Against a backdrop of improving economic conditions in the U.S. and the stock market reaching an all-time high, insurers continue to reposition and reinvent their products, strategies and services.
These changes enable insurers to offer advisors and investors a broad range of products despite the challenges of the continuing low-interest rate environment. For advisors, staying up-to-date with the changes in the market and the characteristics of the products currently available is critical to ensuring that you can serve the needs of your clients.
In recent months we have seen John Hancock exit the annuity business altogether, while other companies have limited the amount of annuity business they accept to help actively manage their risk. Some companies have even offered to buy out the guarantees in exchange for adding a lump sum to the client’s account value. On the other hand, a few companies have made the strategic decision to add variable annuities (VAs), fixed indexed annuities or fixed annuities to their platform. These companies hope to take advantage of the unmet marketplace need for higher rates of return and guaranteed income.
At Ernst & Young, we continuously monitor the product and solution landscape to help organizations and advisors keep abreast of the ever-changing market. We have identified five trends that will influence the annuity marketplace in 2013.
1. The reshaping of the VA market: Opportunities remain for advisors who can navigate the new landscape.
Record low interest rates and the costly price of hedging are causing insurers to continually evaluate whether they want to remain in the variable annuity business. Several companies will continue to curtail sales of variable annuities by lowering the benefits, while others will manage sales volumes by no longer accepting 1035 exchanges. Additionally, insurers will continue to drop aggressive investment options on their variable annuities and move customers into funds that are less volatile. It remains to be seen if additional buyout offers to contract owners will be made or expanded to other GMXB benefits.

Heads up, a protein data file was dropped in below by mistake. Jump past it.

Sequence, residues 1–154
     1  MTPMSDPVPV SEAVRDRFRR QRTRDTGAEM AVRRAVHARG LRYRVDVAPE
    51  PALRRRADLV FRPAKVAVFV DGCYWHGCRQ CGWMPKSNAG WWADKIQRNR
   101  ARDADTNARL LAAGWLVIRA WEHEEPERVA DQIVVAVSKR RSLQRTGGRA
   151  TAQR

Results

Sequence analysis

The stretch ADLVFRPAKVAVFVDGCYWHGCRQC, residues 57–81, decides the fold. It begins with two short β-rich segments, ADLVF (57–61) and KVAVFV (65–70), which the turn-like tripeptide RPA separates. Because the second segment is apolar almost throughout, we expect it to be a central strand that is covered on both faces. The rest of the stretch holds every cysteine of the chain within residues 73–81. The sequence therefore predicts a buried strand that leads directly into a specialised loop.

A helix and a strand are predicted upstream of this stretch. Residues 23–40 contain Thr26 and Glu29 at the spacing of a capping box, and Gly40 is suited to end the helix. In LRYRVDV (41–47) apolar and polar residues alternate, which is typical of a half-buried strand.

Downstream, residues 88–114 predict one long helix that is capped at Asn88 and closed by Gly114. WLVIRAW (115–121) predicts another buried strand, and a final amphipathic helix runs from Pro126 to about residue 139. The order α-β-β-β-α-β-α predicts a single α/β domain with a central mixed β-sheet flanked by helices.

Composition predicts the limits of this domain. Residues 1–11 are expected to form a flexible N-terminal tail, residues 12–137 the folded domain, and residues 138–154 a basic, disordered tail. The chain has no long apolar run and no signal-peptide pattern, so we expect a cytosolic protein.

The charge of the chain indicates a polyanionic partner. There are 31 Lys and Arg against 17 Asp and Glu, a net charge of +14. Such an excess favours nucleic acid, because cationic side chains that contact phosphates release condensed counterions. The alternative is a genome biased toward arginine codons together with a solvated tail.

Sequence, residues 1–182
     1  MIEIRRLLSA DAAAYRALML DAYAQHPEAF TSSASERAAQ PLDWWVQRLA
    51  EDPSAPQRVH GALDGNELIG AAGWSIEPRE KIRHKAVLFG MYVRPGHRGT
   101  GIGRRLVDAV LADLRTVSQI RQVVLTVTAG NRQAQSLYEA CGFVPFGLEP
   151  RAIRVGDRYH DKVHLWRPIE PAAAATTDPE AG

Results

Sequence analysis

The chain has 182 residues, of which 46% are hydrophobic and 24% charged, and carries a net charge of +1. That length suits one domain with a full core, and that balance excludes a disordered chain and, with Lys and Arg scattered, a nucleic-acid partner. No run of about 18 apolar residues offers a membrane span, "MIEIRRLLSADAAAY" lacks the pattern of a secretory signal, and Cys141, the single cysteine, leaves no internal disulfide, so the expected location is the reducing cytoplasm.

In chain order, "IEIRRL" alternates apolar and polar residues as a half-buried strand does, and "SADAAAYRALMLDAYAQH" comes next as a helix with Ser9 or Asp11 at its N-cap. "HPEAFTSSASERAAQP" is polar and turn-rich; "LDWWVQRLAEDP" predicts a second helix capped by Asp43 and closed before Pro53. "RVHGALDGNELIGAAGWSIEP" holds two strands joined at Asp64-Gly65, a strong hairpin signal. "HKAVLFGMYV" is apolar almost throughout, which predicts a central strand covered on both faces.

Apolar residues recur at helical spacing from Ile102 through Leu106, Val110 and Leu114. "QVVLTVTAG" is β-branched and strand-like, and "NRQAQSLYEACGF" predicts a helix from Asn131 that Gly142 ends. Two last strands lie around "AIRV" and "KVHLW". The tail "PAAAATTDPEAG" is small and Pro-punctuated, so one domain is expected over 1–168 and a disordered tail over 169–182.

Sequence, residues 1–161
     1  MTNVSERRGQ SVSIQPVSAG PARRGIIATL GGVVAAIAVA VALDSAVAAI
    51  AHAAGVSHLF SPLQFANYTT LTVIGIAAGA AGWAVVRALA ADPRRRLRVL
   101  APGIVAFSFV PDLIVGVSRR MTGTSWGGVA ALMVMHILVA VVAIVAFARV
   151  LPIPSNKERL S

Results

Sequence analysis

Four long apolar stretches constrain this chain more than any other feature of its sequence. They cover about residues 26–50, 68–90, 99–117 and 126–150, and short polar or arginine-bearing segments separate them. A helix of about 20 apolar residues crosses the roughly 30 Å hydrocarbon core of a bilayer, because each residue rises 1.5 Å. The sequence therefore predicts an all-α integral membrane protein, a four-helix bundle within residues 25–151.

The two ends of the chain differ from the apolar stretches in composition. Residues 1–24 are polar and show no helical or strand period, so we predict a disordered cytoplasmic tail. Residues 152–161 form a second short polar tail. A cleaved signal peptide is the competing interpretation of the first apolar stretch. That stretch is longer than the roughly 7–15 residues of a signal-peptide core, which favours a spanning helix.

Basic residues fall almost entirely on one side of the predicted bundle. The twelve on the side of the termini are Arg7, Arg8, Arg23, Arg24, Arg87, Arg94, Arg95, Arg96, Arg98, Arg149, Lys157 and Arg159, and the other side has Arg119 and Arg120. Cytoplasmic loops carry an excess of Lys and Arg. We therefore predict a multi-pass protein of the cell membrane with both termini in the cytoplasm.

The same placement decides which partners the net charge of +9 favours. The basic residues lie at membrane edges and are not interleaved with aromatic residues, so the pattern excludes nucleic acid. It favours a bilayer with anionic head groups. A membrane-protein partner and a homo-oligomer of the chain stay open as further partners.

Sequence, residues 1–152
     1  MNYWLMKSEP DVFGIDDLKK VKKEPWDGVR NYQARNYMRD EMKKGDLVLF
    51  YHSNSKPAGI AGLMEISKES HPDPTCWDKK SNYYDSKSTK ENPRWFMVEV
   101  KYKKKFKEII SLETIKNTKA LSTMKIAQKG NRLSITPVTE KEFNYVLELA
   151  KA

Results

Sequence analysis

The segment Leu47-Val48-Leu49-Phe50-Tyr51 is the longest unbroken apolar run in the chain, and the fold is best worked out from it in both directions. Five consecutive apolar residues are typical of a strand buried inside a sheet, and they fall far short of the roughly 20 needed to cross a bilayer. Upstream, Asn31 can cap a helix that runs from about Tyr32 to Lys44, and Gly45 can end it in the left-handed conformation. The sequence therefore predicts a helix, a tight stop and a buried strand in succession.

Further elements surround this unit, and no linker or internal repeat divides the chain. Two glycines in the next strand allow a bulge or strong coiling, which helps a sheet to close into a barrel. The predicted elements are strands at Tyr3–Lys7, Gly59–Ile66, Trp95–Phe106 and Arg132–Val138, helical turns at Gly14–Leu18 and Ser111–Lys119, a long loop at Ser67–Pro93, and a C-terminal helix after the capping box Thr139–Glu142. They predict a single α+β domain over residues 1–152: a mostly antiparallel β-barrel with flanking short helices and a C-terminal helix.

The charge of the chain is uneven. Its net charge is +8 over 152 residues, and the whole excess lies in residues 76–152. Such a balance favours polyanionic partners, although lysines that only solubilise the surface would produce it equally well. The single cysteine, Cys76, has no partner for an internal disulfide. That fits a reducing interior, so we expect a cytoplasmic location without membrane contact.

2. Hybrid products – are they good for clients, good for advisors?
Companies have started to file and introduce products that are hybrids of variable annuities and fixed products. These products have an upside for both the company and the client due to the lower capital requirements for the company and the downside protection offered to the contract owner. As with any new offering, it is yet to be seen how these products will be received and how product designs will evolve. However, the initial designs appear to provide an attractive option for customers. Potential regulatory headwinds exist.
3. Can new entrants fill the gap?
Even though several companies have exited the annuity business, other carriers are adding annuities to their platform. In some cases, when exiting a line of business or market, the books of business, operations and distribution are often available for sale. This availability enables aggressive entrants to quickly build operational scale and capacity, and ultimately market share. Acceptance by channel and product will likely vary, with fixed annuities by independent marketing organizations (IMO), broker-dealer and bank platforms leading the way.